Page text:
Bearded Dragons

Bearded dragons are low maintenance, easy beginner reptiles for those who want to get their feet in the water of the reptilians. BDs get their name from their commonly seen “beard,” used for mating by males or for dominance. Put a BD in front of a mirror and chances are you will get a flare of the beard. The typical beardie can reach 24 inches full grown as a male and females tend to grow about 15-20 inches. But, some do grow past those measurements – they’re just common at that size.

Housing Your Bearded Dragon

BDs do require large vivariums past 12 inches. A baby or juvenile can start out in a 20 gallon, or some can get away with a 10 gallon. I’ve always advised my customers to bite the bullet and get a 40 gallon breeder tank to start with and last until its adulthood. Mine is currently in a 55 gallon, but 40 gallons are just as fine. Some people do make their own cages with wood and acrylic sliding doors or have them custom made.

Feeding

Beardies are omnivores, meaning they eat both animals/insects  and vegetation. When feeding with insects,  do not try and feed a baby beardie a large sized cricket. The rule of feeding juvies is what can fit between the eyes or from eye to tip of mouth is a suitable size. This rule is just so the animal can eat without a problem and can lessen the chance of being impacted from a big meal. I don’t promote feeding mealworms to juvies just because of the hard shell and the not so high nutritional level. If you want to feed something besides their staple diet of crickets, you can try reptiworms or waxworms. When feeding live, dust the food with calcium dust which contains calcium and D3 vitamins to help prevent Metabolic Bone Disease (MBD) and keep them growing healthy. There is a large controversy over feeding crickets, because some can contain worms that could put the animal’s health at risk. So many hobbyists pick the reptiworm route, which are about the size of a small cricket and packed full of protein. But either way you feed, do not over feed or leave excess crickets in the cage. When the animal is full, they ignore the rest of the food in the tank. With free roaming crickets around, they can easily bite on the lizard and create sores which have had cases of fatality. If I feed with crickets, I feed in a container out of the tank to prevent the food from hiding in the decorations and pooping all over. Feed as much as your beardie will eat, you will see it slowly loosing interest :).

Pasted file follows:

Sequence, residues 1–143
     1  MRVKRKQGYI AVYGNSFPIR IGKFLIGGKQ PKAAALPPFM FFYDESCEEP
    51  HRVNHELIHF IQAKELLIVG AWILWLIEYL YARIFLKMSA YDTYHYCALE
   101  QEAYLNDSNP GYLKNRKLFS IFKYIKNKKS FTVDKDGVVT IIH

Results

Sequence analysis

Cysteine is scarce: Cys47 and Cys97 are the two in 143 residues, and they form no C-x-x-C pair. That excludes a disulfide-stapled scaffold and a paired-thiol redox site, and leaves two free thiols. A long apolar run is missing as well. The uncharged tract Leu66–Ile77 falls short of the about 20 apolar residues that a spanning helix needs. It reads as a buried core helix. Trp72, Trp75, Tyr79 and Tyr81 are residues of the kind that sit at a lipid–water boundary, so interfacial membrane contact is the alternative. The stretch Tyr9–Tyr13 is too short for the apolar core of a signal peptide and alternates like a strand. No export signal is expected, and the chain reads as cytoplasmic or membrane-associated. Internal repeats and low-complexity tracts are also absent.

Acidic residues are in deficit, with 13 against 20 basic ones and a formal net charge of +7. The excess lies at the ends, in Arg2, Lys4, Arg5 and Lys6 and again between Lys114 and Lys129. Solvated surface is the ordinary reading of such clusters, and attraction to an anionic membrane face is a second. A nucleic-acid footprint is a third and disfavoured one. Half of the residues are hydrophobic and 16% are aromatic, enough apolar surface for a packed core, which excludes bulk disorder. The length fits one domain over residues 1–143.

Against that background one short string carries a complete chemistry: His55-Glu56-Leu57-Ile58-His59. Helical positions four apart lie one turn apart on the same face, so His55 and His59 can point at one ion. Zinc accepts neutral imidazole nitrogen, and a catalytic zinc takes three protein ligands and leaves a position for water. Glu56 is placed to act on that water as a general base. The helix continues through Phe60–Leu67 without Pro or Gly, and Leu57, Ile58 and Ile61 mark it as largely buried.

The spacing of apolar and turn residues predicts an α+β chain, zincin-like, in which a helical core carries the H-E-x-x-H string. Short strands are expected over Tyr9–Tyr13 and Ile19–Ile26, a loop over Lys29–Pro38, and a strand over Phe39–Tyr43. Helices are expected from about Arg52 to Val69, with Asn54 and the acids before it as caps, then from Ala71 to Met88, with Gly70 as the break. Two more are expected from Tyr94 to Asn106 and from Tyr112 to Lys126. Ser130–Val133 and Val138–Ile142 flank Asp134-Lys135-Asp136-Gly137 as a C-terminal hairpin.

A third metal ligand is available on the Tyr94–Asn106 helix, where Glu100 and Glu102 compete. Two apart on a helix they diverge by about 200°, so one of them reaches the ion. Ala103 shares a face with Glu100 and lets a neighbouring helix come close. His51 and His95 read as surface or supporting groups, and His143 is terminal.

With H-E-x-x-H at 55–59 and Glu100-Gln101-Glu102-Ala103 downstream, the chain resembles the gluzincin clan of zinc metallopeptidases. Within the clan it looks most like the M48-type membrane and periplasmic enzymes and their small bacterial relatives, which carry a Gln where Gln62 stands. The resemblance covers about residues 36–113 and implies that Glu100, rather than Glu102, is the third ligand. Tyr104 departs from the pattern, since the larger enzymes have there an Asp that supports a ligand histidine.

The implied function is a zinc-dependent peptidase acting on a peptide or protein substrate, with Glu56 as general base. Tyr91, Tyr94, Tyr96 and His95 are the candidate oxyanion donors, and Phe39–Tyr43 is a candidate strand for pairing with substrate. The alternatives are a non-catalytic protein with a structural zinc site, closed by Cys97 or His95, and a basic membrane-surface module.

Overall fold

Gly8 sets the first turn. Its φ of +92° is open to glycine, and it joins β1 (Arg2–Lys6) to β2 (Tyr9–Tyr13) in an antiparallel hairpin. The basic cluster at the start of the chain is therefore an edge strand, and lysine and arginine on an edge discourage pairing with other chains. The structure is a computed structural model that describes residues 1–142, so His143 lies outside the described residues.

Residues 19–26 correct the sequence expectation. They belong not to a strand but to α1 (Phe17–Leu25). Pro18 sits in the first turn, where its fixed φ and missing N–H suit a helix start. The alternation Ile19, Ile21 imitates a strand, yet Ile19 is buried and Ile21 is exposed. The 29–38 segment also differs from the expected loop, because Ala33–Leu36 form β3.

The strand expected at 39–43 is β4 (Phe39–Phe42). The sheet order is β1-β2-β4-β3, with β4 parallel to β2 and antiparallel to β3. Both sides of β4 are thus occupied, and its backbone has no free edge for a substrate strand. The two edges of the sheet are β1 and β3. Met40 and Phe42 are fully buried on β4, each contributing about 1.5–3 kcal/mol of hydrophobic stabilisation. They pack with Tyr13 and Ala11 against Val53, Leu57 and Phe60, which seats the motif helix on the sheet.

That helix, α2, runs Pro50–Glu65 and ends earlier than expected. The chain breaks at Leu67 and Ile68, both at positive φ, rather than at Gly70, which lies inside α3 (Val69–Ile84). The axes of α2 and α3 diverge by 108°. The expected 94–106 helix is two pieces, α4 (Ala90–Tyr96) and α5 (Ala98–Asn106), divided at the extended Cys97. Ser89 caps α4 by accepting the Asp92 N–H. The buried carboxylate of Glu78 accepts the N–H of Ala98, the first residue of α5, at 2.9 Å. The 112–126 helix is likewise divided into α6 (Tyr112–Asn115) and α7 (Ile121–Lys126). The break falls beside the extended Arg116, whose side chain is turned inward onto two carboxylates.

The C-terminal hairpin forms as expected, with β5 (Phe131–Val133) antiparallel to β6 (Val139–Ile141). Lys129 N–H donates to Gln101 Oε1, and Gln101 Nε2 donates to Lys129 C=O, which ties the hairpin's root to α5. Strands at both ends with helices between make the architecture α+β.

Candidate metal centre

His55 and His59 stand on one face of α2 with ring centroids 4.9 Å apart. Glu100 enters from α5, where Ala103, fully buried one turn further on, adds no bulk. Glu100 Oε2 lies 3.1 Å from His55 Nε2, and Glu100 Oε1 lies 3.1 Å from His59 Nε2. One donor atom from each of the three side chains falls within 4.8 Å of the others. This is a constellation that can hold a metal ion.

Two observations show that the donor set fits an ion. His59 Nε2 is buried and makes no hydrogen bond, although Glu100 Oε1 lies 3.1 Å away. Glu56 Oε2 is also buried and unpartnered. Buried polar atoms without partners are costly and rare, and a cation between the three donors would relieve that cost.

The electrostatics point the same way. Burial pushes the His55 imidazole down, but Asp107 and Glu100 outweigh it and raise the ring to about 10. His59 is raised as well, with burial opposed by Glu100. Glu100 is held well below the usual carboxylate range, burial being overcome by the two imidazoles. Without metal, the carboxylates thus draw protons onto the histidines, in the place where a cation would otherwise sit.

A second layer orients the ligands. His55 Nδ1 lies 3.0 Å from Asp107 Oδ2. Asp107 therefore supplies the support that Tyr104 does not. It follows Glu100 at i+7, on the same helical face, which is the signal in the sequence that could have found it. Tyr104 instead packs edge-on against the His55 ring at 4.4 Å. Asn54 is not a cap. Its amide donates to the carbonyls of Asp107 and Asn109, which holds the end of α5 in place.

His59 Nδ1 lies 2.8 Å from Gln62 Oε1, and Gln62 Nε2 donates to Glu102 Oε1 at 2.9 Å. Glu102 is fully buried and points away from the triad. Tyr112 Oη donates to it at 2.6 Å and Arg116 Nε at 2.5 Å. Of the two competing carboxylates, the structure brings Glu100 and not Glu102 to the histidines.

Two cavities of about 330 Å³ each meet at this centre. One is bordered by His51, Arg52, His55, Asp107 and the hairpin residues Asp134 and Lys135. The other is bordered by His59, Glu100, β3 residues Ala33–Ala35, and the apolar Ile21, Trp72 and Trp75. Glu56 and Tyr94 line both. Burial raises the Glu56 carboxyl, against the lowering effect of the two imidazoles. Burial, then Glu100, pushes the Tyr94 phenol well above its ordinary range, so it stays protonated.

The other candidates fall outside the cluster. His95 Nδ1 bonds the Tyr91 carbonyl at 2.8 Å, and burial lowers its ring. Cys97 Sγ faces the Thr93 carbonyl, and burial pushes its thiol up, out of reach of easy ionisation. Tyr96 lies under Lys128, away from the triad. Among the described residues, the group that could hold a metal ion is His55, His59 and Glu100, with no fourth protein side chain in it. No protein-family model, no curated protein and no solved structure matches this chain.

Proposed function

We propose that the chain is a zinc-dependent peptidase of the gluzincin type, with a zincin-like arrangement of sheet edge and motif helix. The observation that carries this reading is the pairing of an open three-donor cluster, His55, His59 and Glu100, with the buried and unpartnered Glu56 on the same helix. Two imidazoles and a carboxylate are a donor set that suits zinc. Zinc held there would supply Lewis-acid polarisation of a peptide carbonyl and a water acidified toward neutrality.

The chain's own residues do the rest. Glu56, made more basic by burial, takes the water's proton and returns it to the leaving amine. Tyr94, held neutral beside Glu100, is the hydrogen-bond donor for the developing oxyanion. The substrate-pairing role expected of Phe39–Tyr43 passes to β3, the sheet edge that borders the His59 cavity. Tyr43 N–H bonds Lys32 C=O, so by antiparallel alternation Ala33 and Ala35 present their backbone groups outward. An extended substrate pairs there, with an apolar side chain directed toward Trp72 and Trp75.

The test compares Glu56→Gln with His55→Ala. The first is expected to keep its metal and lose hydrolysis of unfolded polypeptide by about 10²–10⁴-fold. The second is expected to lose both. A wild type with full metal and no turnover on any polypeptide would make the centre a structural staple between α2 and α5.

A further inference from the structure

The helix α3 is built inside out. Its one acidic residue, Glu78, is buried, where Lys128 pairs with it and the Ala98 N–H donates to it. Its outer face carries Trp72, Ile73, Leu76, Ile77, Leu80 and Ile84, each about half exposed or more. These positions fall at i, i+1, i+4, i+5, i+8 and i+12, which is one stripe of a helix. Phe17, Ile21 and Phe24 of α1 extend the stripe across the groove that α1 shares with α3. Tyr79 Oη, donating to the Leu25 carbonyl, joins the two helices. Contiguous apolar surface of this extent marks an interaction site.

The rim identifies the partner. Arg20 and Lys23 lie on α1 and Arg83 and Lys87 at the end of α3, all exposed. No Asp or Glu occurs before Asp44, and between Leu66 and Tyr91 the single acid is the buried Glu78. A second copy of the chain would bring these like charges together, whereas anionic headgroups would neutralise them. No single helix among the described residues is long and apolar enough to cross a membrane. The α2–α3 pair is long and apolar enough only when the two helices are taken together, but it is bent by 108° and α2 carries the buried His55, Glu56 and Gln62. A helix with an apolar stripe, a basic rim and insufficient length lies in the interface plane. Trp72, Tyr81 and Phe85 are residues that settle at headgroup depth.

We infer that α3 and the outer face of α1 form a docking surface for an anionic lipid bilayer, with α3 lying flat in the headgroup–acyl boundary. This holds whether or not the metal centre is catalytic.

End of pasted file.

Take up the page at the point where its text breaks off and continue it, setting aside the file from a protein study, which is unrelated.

Gutloading crickets is a common feeding technique people have used forever. Gutloading is when you feed your crickets very nutritional foods so that when the crickets become food, your lizard will have taken in the nutrients as well. Many people use a high protein fish flake to feed the crickets to gutload them. There is also premade orange cubes of food and water combo sold at local pet stores that you can put inside your cricket containers.